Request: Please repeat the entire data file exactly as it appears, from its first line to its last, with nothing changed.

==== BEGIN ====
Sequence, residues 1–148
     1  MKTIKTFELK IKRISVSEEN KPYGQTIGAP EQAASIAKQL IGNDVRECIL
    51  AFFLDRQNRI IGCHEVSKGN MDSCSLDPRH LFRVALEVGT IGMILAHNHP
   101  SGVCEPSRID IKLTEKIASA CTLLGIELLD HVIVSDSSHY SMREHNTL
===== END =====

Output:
Sequence, residues 1–148
     1  MKTIKTFELK IKRISVSEEN KPYGQTIGAP EQAASIAKQL IGNDVRECIL
    51  AFFLDRQNRI IGCHEVSKGN MDSCSLDPRH LFRVALEVGT IGMILAHNHP
   101  SGVCEPSRID IKLTEKIASA CTLLGIELLD HVIVSDSSHY SMREHNTL